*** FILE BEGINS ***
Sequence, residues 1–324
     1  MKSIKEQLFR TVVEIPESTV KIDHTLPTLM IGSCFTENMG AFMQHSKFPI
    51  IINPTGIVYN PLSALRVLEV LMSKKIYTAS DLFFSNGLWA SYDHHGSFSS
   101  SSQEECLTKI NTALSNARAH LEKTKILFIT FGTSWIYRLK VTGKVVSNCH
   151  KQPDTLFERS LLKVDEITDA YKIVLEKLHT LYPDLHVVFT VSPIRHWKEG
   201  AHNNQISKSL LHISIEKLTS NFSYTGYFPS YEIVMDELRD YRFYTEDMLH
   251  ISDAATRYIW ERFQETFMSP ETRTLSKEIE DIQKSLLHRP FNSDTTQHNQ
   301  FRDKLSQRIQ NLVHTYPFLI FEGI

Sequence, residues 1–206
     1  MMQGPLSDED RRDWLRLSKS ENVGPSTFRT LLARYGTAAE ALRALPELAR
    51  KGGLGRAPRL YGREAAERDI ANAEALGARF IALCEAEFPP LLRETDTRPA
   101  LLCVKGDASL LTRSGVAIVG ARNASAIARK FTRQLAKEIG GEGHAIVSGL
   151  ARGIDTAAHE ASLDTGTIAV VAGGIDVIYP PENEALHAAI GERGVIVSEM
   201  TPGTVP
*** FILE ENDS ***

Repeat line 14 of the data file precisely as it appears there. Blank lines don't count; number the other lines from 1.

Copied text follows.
   201  TPGTVP